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Abstract

Back-to-back archaeological surveys on Sapelo Island, Georgia by the University of Tennessee at Chattanooga have concentrated on two sites: a substantial, intensively occupied plantation dating primarily to the first half of the 19th century (Chocolate) and an earlier, sporadically occupied operation that included a short-lived French component (High Point). This paper compares the archaeological manifestations of slave occupations at both sites and identifies distinct material contrasts between the slave assemblages. It is primarily in terms of architectural and ceramic characteristics that different living conditions for the two groups are most clearly indicated.

Department

Dept. of Social, Cultural, and Justice Studies

College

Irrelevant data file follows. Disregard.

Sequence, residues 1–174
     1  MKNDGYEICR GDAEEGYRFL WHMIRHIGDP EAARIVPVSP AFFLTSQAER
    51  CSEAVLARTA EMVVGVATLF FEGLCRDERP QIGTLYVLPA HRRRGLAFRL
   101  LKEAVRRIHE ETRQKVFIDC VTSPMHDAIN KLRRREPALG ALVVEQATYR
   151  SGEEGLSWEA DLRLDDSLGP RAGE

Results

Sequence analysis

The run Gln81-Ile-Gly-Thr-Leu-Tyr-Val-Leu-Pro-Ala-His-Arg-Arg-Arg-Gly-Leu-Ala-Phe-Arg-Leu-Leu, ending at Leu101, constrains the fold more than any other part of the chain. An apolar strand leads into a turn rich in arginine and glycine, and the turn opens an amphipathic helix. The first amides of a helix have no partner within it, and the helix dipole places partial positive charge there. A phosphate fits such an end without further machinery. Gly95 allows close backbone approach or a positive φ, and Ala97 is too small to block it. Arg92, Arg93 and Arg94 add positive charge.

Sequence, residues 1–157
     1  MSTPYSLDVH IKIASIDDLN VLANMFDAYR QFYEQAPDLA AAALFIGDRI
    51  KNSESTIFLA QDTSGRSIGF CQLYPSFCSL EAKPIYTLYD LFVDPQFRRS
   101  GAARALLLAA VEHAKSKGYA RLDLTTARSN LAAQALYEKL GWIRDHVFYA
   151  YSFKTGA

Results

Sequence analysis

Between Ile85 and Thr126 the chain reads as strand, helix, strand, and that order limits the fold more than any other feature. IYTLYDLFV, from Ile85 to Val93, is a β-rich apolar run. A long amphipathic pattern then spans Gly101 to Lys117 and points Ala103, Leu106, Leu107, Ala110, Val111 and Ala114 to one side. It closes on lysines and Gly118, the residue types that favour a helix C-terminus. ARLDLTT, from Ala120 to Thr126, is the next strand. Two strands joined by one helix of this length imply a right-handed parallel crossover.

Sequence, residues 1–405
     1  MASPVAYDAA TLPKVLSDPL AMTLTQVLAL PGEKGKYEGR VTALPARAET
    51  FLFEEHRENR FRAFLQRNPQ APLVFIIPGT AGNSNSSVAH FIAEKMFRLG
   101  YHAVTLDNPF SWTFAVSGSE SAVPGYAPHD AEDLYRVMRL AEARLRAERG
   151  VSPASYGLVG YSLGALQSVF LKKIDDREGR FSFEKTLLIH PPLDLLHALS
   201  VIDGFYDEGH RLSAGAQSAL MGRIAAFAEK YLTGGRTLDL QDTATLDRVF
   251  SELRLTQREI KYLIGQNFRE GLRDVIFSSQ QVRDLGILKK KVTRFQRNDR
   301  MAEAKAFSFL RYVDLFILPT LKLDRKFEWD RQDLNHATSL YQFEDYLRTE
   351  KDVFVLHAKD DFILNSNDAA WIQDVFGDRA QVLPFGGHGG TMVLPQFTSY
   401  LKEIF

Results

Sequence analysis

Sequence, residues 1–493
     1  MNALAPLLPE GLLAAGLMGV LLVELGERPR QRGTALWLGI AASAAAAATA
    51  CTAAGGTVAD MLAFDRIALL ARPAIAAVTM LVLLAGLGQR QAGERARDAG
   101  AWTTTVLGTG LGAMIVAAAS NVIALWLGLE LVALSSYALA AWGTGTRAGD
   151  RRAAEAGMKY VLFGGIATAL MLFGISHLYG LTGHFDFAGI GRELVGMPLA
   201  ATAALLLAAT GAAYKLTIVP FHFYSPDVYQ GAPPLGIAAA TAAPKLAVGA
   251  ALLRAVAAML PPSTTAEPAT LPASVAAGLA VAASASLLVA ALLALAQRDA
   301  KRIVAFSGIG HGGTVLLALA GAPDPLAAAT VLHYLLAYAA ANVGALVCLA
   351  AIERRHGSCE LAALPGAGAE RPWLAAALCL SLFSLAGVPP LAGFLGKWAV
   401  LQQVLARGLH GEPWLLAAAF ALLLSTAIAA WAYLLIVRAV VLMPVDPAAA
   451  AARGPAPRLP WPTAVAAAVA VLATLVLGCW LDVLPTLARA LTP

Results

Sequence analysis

College of Arts and Sciences

Publisher

University of Tennessee at Chattanooga

Place of Publication

Chattanooga (Tenn.)

Date

1-1-2006

Subject

Archaeology--Georgia--McIntosh County; Antiquities; Archaeology; McIntosh County (Ga.)--Antiquities

Location

Sapelo Island (Ga.); McIntosh County (Ga.)

Document Type

reports

Extent

19 leaves

Language

English

Call Number

F292.M15 H66 2006

Rights

Under copyright.

Working plantations on Sapelo Island : High Point versus Chocolate

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